The how can look like a lot of different things. It can be starting from scratch, buying an existing business, being an investor, or leveraging a franchise. Most of my coaching clients fall in the starting from scratch vs. franchising category, and I help them evaluate the possibilities based off what it is that they want to accomplish with the business in the long run.
If you have a deep passion for the business you intend to start, with unique ideas, a higher risk tolerance, and some time and patience to get the product exactly right, for the specific market you wish to serve, then a startup is most likely appropriate for you.
If you would like to leverage the business as a vehicle to the goals that you are passionate about, are comfortable with a done for you operating system that you can leverage, and being in business for yourself, but not necessarily by yourself, then franchising may be an avenue for you to explore more in depth.
Pros & Cons
Evaluating the pros and cons of startup vs. franchising is not by any means a new topic. Americans have been evaluating franchise possibilities as an option since 1731 when Benjamin Franklin and Thomas Whitmarsh entered into an agreement “for the carrying on of the Business of Printing in Charlestown in South Carolina.”
While this type of contract is not exactly how we do franchising today, it did carryover most of the elements we would see in a modern franchise agreement – franchisees are business owners that are contractually partnered with a franchisor in order to execute the franchisor business systems and are able to leverage their brand and trademarked materials. These are things that many business owners would take years to acquire, and a great deal of capital, but is available to a franchisee through the purchase of a license.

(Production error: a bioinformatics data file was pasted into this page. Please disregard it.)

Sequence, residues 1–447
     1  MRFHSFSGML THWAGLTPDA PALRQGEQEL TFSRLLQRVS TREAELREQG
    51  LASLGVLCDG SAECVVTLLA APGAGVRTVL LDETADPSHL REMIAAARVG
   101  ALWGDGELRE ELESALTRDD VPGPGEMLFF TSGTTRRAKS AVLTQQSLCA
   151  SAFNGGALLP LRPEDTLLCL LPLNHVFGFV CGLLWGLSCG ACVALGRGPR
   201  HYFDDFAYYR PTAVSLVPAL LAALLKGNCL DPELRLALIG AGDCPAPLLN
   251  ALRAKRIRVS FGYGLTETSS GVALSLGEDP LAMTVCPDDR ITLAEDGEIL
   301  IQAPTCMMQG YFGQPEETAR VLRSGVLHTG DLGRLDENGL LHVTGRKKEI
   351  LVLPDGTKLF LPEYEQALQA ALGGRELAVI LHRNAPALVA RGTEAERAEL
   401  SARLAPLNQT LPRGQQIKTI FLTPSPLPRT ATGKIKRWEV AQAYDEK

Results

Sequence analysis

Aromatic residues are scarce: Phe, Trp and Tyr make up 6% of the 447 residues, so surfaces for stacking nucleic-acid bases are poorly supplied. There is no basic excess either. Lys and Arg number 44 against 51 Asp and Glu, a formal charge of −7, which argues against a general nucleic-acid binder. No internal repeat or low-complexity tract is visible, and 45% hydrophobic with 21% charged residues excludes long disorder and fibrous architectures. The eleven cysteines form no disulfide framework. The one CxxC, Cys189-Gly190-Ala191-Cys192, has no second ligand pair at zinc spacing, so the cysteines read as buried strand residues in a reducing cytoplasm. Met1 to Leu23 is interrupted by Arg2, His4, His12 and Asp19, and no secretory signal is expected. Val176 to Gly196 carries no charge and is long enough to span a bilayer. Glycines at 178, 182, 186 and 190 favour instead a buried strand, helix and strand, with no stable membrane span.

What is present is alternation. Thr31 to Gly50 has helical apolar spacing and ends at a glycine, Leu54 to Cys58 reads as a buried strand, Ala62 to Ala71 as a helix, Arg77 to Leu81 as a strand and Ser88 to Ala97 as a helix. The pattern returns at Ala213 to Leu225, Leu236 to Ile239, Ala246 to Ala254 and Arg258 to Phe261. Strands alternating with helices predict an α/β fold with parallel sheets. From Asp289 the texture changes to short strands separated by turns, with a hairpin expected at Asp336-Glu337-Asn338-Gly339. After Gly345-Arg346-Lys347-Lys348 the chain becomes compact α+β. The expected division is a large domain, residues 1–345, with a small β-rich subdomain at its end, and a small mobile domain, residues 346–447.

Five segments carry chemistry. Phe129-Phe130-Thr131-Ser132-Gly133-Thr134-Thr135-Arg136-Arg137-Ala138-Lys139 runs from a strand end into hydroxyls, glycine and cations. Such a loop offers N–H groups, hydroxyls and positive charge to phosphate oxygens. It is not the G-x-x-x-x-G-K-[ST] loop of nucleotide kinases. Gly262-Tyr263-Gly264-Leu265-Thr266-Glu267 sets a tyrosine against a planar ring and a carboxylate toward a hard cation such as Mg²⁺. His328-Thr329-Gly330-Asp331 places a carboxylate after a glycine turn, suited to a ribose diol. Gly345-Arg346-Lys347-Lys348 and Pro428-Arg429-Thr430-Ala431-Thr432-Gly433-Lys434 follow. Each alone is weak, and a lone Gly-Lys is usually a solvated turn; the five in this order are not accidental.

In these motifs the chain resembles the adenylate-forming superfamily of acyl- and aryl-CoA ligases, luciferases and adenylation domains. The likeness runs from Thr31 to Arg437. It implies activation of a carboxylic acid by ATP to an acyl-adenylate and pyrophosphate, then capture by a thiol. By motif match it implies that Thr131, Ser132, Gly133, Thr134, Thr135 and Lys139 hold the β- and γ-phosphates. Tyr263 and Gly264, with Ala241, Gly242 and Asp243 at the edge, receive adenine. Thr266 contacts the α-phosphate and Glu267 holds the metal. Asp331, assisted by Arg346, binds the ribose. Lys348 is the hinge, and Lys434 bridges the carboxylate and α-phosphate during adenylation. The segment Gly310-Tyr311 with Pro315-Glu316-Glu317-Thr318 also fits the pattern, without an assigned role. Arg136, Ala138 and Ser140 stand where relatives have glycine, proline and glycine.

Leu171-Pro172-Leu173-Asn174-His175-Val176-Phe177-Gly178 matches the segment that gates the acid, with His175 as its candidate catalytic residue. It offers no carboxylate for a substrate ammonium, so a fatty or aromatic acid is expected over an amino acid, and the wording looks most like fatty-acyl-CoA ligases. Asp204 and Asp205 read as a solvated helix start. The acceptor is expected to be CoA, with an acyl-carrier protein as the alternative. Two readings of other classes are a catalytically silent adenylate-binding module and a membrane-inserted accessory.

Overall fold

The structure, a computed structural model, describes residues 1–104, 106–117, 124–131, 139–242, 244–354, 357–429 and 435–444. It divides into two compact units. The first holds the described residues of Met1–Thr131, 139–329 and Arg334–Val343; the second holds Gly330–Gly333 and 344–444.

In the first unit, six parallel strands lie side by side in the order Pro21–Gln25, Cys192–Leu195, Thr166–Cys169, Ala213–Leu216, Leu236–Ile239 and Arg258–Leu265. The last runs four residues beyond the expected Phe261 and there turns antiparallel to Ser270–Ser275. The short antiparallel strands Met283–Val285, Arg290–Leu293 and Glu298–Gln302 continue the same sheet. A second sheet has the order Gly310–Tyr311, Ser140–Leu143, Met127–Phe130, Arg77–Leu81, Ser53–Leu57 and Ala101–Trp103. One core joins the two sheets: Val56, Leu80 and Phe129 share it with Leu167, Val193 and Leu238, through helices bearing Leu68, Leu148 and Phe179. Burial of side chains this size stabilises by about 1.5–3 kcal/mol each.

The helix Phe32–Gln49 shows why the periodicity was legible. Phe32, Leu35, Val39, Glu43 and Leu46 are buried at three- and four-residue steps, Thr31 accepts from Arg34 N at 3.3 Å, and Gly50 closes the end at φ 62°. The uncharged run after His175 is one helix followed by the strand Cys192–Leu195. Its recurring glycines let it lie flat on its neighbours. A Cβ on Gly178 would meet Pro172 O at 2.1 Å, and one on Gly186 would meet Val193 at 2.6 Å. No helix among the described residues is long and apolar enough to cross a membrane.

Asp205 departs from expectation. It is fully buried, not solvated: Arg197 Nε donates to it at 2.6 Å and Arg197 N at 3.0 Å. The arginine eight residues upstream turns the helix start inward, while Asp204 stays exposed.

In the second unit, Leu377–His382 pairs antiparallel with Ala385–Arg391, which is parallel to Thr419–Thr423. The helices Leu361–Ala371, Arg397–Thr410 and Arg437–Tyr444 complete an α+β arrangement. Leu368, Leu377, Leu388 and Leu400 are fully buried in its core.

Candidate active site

Fees: Franchise fees are a major topic that comes up with my clients. I understand. It can seem like the cost of doing business with a franchisor can be high, and you pay for a lot of services that you might not have to pay for as a startup.
I tend to agree that franchise fees can be intimidating but let us put it into perspective: The initial license fee for a franchise gets you the license to operate the system and helps the franchisor with expenses ranging from setting you up with technology, training, dedicating corporate time to your business, and several other initial costs.
Royalties, advertising, and ongoing technology fees are in place for when a franchisee is in business and operating. Sometimes the royalties are a fixed percentage of earnings, or even a fixed monthly rate. These should not be considered expenses, but rather an investment. As a franchisor receives royalties from franchisees, they are then able to use those funds to reinvest into the franchise system so that they can continue to provide modern products and services to the system. Think of a larger franchise system where 50-100 franchisees are contributing to the same bucket. There are a lot of possibilities for business development that would not necessarily exist if you were to do it on your own, or the mechanism would have to be built rather than having it there already.
When you start your own business, you’re in control over every detail, large and small. With a franchise business, you sign an agreement to follow the rules laid out by the franchisor. (Remember, franchisees are awarded a license to use the franchisor’s brand name, operating system, equipment, uniforms, etc. that have been fine-tuned and perfected over many years.) Yes, you control your franchise unit in terms of the culture and values you set, and who you hire and fire, but you must follow the franchisor’s operating system.